Applied Login Security
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by Tim Musschoot
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Security flaws

The most commonly used attack mechanism on a databases based login system is the so called “SQL insertion attack”.  Many login validation functions will validate the access through a query similar to the one below:

 


"SELECT COUNT(login)

FROM usertable

WHERE login = ‘” & login & “’ AND password = ‘” & password & “’”


Hereby, the login and password are the values as they are retrieved from the user input textboxes.  If the combination login/password is found in the database, the result will not be 0, and the user has access, otherwise, he has not.

 

I bet 70%-80% of the webdevelopers simply base there login system on a similar query.  The message to these developers is: WATCH OUT.  Your site is as secure as a safe with an open door !    Why?  As long as the user is a computer illiterate, you are safe.  However, less and less people are.  When you are dealing with a user with advanced computer knowledge, or someone with malicious intentions (both are not to be tangled up!), your login system is just a little annoyance.

 

Suppose a user trying to get in has not valid login/password, but wants access to your system.  He could use all possible combinations of usernames and passwords until he gets lucky.  This is called a “stupid hacker”.  The number of possible combinations is way to large to achieve a result in an acceptable amount of time.  This is not a very practical solution.

Suppose the user is smart.  Instead of the trial-and-error method, he has a more advanced approach.  Suppose he inserts this data in the login screen:

 

-         Login : ‘ OR 1=1 OR login=’

-         Password : ‘ OR 1=1 OR password=’

 

This would result in this query:

 


SELECT COUNT(login)

FROM usertable

WHERE login = ‘’ OR 1=1 OR login = ‘’ AND

password = ‘’ OR 1=1 OR password = ‘’

 

 

The result of this query is… the number of users in the database.  If the check only refuses access if the result is 0 (is no user is found), the user has access to the system.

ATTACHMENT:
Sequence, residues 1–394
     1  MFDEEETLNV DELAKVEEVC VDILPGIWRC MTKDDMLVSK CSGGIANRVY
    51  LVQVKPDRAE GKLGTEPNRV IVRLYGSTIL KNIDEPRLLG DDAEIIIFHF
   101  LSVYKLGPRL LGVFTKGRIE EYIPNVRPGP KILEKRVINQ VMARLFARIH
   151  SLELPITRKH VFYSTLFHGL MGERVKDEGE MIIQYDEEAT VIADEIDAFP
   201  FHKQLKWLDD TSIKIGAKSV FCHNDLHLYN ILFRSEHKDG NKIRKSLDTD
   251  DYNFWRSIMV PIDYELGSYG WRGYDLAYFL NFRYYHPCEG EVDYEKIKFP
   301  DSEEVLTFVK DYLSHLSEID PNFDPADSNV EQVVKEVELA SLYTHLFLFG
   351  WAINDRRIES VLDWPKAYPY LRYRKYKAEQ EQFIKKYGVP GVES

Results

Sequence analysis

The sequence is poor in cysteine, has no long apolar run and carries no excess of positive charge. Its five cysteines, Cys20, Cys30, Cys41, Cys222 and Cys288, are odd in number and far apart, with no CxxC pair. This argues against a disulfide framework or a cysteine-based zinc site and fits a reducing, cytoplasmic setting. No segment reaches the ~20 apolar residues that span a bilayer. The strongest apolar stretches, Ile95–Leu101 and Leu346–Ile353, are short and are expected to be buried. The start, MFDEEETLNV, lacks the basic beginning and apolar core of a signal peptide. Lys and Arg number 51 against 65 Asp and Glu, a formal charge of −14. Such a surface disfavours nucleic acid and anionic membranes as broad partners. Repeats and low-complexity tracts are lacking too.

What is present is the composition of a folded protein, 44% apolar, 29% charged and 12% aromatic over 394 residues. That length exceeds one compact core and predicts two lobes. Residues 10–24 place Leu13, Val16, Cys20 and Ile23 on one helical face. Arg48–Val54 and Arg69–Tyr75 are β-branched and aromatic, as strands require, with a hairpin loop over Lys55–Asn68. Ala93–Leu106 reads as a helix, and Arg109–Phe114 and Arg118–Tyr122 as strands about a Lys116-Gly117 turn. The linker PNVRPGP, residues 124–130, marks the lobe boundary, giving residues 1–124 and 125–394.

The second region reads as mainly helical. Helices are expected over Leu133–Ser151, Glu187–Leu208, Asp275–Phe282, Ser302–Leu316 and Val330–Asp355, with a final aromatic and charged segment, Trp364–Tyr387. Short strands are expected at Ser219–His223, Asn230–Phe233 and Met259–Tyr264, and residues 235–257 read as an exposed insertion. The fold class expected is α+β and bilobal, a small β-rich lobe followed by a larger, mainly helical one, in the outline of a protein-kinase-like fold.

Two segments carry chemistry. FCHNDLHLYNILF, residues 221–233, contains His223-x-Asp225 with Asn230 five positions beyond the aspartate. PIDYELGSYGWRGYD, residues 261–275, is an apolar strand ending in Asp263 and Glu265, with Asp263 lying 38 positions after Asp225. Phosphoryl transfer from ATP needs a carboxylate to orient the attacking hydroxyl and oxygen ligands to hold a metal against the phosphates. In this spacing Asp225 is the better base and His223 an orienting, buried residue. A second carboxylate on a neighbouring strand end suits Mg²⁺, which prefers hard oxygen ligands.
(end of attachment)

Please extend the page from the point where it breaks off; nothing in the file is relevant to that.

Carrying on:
This is an example of an “SQL Injection attack”.  The number of websites vulnerable to this type of attack is innumerable.  In this example, I used a query that provides access to the website.  However, the malicious user might as well delete information from the database, stop your database server, retrieve information from the database (login names, passwords, credit card details, …), create a new account without knowledge of the administrator, …  Not scared yet?  If the online system accesses your business software/database directly, he can mess up every data in your database.  For small companies without a very decent backup and recovery system, this can cause bankruptcy.  For better equipped companies, it can also harm there business (data between the last backup and the current moment can be lost).  This is under the assumption the problem is discovered immediately.  If the damage is not too visible to the company, it might well take weeks or months before it is discovered.  Think about these consequences for your company in case this happens.


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User Comments

Title: webbased login security   
Name: nikunj patel
Date: 2009-08-16 11:29:27 AM
Comment:
can u put the full information about the WEBBASED LOGIN SECURITY.....caz i want to really know abt all this tofic
Title: great   
Name: Shiv Kumar
Date: 2008-08-11 4:34:18 AM
Comment:
Really helpfull......
Title: help me   
Name: noha
Date: 2006-03-09 5:02:47 AM
Comment:
hi, i programmed and designed pages with ASP and used session for security but i have problem , the session disappear .
when send the session for multi pages the session become null.
Title: Excellent   
Name: Amit
Date: 2005-12-10 2:43:27 AM
Comment:
Another good one keep them coming
Title: good   
Name: john
Date: 2005-09-19 9:23:06 PM
Comment:
very helpful to the benginner
Title: Good Stuff   
Name: Nicholas
Date: 2005-06-27 3:20:55 AM
Comment:
Great Article! Keep writing
Title: security topics   
Name: srinivas
Date: 2005-05-01 1:53:45 AM
Comment:
Very good
Title: impressed   
Name: rudra
Date: 2004-06-18 4:02:13 PM
Comment:
hi tim,

i love your article, its great these u cannot find it in books . i am highly impressed with your article.
thanks keep writing these type of article. can u suggest a book on asp.net security.you can mail me at this address rudra_mah@rediffmail.com.
bye






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